SINGAPORE – Vianney Massot Restaurant is the first Michelin-starred restaurant here to fall victim to the Covid-19 pandemic.
The fine-dining French restaurant in Hongkong Street, which received its star last year, has shuttered for good. It was offering takeaway and delivery in April when dine-in was banned.
Its owners declined to comment on the closure.
The restaurant is named after its chef Vianney Massot, who came to Singapore in 2017 to head the kitchen at L'Atelier de Joel Robuchon in Resorts World Sentosa.
After that restaurant closed in mid-2018, the Frenchman joined the restaurant at Hongkong Street, which was then named Bacchanalia. It was rebranded in March last year.
A slew of other food and beverage establishments have also announced that they will not be reopening when dine-in is allowed again in phase two of Singapore's reopening.
Among them is Tao Seafood, a Thai-Teochew restaurant at Asia Square which closed its doors on May 31.
Owner Adrian Lee said his lease was ending on June 30 and decided in February to give up the six-year-old business because of manpower shortage and rising costs.
He said: "It is getting increasingly difficult to meet the local manpower quotas. Our main chefs and service staff are getting old and it is difficult to replace them with younger local talent, who are less interested in joining a traditional Chinese F&B outlet.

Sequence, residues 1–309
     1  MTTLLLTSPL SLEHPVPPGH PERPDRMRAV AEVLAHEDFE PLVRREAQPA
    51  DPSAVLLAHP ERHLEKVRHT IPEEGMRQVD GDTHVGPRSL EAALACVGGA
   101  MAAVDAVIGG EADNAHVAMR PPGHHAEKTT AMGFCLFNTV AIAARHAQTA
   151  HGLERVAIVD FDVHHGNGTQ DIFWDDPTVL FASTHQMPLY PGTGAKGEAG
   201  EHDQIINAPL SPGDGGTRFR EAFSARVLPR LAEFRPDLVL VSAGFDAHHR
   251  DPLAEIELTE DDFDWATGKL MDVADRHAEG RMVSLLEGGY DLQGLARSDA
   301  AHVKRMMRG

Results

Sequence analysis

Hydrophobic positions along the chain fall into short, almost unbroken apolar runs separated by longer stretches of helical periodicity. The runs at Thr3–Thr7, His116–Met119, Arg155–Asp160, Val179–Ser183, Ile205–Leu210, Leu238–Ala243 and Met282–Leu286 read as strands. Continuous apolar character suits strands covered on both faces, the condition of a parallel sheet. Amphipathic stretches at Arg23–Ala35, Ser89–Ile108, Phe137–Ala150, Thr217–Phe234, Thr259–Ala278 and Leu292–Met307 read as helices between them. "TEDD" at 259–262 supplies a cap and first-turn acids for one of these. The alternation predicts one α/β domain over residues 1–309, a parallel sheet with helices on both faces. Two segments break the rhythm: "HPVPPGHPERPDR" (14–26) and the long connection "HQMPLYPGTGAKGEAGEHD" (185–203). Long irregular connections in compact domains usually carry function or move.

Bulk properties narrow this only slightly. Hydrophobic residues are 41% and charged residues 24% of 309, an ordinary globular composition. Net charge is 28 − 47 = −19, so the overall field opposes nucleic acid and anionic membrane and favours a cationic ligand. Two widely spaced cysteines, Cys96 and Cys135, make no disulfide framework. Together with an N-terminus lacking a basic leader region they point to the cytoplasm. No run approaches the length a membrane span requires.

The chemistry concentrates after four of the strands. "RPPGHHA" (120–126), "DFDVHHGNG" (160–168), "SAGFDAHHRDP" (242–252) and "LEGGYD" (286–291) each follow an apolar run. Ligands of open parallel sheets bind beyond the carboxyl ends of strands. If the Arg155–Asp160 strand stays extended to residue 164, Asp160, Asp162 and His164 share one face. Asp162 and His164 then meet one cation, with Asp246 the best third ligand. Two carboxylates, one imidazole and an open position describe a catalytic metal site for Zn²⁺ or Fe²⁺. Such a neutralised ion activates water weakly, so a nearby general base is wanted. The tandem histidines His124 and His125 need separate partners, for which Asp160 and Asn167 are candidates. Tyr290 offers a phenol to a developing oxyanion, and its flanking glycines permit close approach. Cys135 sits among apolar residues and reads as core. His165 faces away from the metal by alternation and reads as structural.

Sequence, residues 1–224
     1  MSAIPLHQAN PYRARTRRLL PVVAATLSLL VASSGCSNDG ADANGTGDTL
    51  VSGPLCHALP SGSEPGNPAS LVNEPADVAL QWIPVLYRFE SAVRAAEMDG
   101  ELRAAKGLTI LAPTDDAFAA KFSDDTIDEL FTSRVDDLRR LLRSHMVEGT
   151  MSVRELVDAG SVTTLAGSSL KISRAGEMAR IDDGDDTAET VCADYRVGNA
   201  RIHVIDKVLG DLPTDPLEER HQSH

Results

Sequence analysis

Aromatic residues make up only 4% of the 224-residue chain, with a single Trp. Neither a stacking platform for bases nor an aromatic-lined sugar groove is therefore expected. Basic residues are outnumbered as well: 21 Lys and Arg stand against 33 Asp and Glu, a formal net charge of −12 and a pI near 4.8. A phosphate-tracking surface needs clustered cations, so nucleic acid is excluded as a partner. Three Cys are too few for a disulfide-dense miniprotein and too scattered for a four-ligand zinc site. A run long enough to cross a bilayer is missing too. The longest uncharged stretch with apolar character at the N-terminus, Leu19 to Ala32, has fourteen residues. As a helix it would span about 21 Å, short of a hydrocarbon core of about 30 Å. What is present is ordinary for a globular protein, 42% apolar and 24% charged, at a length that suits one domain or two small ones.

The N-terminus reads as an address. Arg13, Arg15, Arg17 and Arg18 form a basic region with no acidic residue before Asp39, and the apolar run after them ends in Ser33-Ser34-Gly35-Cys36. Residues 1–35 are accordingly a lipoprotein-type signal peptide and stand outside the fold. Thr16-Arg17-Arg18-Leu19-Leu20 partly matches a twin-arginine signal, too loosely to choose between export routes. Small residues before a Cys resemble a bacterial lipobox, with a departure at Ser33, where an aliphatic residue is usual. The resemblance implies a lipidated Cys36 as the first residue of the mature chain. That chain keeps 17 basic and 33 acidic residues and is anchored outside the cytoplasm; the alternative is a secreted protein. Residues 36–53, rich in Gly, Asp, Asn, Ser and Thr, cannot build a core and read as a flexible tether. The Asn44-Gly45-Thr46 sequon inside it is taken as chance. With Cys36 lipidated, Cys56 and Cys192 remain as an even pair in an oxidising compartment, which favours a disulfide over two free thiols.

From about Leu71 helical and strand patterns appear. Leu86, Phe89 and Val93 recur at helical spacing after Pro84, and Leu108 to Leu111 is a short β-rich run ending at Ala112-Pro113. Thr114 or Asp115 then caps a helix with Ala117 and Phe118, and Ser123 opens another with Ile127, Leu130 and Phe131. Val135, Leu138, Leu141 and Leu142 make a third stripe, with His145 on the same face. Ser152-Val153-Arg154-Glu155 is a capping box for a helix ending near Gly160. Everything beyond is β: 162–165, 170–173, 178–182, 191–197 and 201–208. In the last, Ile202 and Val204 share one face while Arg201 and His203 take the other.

"Also, rising costs and lower expenditures by the corporate sector in the last two years make the future of the restaurant appear dimmer by the day."
Business during that period dropped by about 30 per cent, he said. The Covid-19 pandemic drove the nail into the coffin, with revenue from takeaways and deliveries during the circuit breaker making up only 15 to 20 per cent of what the restaurant used to make.
And prospects for the restaurant, located in the Central Business District, do not look good even when dine-in is allowed again.
Mr Lee said: "With safe distancing and working from home as the new normal, we will be put under even greater pressure, especially as large gatherings in Chinese restaurants will not be possible.
"We can expect the distance between customers to increase by 50 per cent, but rents won't drop by 50 per cent."
Mr Lee will now focus on running fUnRiceSG, a casual rice bowl concept which is also at Asia Square and which serves a few of Tao's signature dishes such as pot-roasted prawns with glass noodles.
The Fabulous Baker Boy, a cafe in River Valley Road known for its cakes, will also not be back. It ceased operations on April 21 when F&B outlets in parks were told to close.
The cafe, which opened in 2012, was located in the former River Valley Swimming Pool at the foot of Fort Canning Hill.
Owner Juwanda Hassim, who was also the chef and baker, said: "We were told just the day before we had to close."
He said he had been doing well before with delivery orders.
Like Mr Lee, his decision to close had been made before the circuit breaker – except that he had intended to move to bigger premises when his lease rRead More – Source